Investing in developing systems of safe surgery to reduce Surgical Site Infection (SSI) will help to reduce the financial burden on health services in Low- and Middle-Income Countries (LMIC), a new study reveals.
Analysing inpatient resource use in India, Ghana, Nigeria and Mexico, researchers discovered that additional investigations and hospital length of stay for a patient with an SSI compared to patient without an SSI were generally higher in clean-contaminated surgical cases compared to contaminated-dirty surgical cases.
Supported by National Institute for Health and Care Research (NIHR) funding, they found that SSI occurred in 7% of clean-contaminated cases, where wounds have no signs of infection at the time of surgery, whilst 27% of contaminated-dirty cases – where the wound encounters bodily fluids – exhibited SSI.
Overall, SSI was associated with an increase in postoperative healthcare costs by 75.3% (€412) after clean-contaminated surgery and 66.6% (€331) after contaminated-dirty surgery.
Publishing their findings in Journal of Hospital Infection, the international group of researchers, led by the University of Birmingham, reveal that the highest and lowest cost increases were in India for clean-contaminated cases (€517) and contaminated-dirty cases (€223). Overall, inpatient costs accounted for 96.4% of total healthcare costs after clean-contaminated surgery and 92.5% after contaminated-dirty surgery.
Study lead Mr Mark Monahan, from the University of Birmingham’s Institute of Applied Health Research, commented: “Surgical site infection is the world’s most common postoperative complication. This is the first multi-continental surgical cost study of its kind and reveals substantial additional postoperative costs associated with SSI across a range of settings.
“Investing in health technologies to reduce SSI could reduce this major financial burden to patients and low-resource health systems – helping to improve the overall quality of healthcare and ultimately saving lives.”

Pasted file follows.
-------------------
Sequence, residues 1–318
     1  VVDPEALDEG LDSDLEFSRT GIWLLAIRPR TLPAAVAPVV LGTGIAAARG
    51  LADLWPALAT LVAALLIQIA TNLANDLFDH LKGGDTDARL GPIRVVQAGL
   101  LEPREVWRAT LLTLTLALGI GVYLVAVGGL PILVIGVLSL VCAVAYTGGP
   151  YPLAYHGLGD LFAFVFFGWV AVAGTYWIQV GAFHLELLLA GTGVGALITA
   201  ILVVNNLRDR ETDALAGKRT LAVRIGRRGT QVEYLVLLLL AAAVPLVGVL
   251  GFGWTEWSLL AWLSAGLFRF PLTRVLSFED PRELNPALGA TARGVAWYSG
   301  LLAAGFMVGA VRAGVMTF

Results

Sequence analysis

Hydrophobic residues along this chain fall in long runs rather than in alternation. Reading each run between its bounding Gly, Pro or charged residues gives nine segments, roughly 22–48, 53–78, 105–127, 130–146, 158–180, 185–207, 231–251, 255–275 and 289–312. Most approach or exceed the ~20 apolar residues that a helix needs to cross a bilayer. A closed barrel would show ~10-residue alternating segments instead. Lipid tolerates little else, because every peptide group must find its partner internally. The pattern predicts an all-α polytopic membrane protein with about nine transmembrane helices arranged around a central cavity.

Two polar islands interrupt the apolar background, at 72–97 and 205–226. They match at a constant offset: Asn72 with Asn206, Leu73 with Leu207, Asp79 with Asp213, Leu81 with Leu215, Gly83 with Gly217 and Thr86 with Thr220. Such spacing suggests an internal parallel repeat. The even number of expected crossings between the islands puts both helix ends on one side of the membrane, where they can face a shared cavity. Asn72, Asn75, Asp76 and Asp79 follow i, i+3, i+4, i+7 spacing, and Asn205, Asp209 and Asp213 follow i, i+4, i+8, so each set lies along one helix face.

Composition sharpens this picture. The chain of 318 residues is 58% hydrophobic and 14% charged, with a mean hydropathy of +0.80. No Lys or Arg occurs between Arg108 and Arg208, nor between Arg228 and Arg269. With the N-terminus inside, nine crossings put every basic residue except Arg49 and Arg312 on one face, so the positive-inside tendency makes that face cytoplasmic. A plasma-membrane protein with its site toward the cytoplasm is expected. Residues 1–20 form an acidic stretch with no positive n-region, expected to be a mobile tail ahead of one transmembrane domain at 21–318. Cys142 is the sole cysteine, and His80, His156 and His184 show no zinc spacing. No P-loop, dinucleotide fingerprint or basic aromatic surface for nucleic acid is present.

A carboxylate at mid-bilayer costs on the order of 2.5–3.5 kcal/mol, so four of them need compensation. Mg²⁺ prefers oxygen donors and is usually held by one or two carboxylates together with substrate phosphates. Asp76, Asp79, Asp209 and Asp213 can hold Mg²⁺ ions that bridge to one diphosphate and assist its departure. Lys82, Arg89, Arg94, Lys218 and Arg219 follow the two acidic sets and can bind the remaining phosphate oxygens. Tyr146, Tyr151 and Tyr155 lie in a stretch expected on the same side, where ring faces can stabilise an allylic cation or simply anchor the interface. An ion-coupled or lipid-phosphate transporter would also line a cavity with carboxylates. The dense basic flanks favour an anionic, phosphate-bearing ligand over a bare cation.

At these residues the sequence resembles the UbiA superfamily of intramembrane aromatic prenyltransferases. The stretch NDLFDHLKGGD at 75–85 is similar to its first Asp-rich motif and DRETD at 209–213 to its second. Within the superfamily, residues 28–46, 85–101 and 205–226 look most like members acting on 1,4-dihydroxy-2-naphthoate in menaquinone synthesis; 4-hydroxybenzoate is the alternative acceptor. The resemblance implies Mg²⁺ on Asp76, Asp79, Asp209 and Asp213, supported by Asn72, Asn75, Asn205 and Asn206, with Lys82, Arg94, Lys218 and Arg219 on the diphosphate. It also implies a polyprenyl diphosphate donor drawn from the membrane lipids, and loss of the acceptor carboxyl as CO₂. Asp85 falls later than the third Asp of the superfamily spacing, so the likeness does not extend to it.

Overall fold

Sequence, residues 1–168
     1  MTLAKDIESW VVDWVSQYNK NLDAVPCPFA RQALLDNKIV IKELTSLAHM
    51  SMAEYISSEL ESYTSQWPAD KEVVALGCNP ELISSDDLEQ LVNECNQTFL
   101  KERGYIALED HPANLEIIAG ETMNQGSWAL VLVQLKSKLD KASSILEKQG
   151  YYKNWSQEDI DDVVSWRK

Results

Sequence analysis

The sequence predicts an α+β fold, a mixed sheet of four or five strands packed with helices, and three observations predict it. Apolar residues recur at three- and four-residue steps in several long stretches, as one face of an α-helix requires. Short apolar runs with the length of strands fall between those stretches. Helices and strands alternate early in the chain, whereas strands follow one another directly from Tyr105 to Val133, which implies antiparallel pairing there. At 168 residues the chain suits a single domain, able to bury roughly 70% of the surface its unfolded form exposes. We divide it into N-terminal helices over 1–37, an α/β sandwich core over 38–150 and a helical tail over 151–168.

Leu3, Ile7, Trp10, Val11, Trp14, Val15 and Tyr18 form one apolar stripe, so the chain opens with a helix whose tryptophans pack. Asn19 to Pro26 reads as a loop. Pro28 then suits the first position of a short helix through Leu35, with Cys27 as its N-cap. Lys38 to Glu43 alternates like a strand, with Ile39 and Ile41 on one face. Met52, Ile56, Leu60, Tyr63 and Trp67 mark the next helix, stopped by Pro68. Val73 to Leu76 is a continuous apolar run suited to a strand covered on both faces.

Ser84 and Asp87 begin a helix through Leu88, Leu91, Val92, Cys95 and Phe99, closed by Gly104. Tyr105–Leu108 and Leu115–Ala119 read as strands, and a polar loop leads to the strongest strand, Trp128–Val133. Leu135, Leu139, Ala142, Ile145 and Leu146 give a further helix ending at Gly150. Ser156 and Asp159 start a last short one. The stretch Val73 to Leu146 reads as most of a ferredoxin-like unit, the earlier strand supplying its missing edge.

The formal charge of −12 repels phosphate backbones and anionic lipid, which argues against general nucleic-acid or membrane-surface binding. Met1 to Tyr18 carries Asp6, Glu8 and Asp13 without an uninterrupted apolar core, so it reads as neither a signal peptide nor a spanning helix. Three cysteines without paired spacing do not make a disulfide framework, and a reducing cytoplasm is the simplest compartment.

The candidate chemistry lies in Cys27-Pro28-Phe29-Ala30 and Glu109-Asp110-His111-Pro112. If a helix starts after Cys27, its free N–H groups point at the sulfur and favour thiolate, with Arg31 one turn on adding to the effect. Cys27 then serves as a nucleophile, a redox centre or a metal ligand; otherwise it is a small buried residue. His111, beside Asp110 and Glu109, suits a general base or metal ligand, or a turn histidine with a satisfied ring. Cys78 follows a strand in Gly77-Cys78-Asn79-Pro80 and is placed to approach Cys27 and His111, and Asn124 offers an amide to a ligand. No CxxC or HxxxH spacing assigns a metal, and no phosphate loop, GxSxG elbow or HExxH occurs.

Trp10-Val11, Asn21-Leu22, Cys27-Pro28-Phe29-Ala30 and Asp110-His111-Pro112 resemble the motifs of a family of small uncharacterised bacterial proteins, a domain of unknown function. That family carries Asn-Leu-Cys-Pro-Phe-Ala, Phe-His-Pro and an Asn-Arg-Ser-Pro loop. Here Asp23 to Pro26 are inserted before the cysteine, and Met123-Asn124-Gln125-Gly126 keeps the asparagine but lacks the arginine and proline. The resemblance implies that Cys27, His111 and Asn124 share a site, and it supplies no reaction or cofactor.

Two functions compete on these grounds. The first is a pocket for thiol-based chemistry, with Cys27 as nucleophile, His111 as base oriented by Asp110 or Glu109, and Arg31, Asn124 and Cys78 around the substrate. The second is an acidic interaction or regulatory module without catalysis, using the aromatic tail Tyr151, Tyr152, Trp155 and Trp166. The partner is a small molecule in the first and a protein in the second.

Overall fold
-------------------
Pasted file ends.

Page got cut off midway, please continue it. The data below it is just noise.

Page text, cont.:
Researchers found that patients with an SSI had higher costs in both postoperative inpatient costs and post-discharge costs compared to patients without an SSI. They discovered that SSI was a statistically significant variable in determining postoperative healthcare costs.
Postoperative inpatient costs made up most of the total healthcare costs in both clean-contaminated and contaminated-dirty cases. An exploratory investigation in Ghana showed that the costs of unresolved SSI persist beyond 30 days.
The experts note that this is an important finding because 37.5% of prospective patients with an SSI were unresolved at 30 days post-surgery, potentially underestimating the true postoperative costs.
The study was part of the wider FALCON trial led by the NIHR Global Health Research Unit on Global Surgery – an initiative led by the University of Birmingham. Carried out in Benin, Ghana, India, Mexico, Nigeria, Rwanda and South Africa, FALCON evaluated measures to reduce SSI rates in patients undergoing surgery with an abdominal incision.
Patients who develop SSI experience pain, disability, poor healing with risk of wound breakdown, prolonged recovery times and psychological challenges. Those patients in LMICs are disproportionately affected by higher rates of SSI compared to those in high-income countries – increasing the risk of catastrophic expenditure, impoverishment, and wider negative community impact.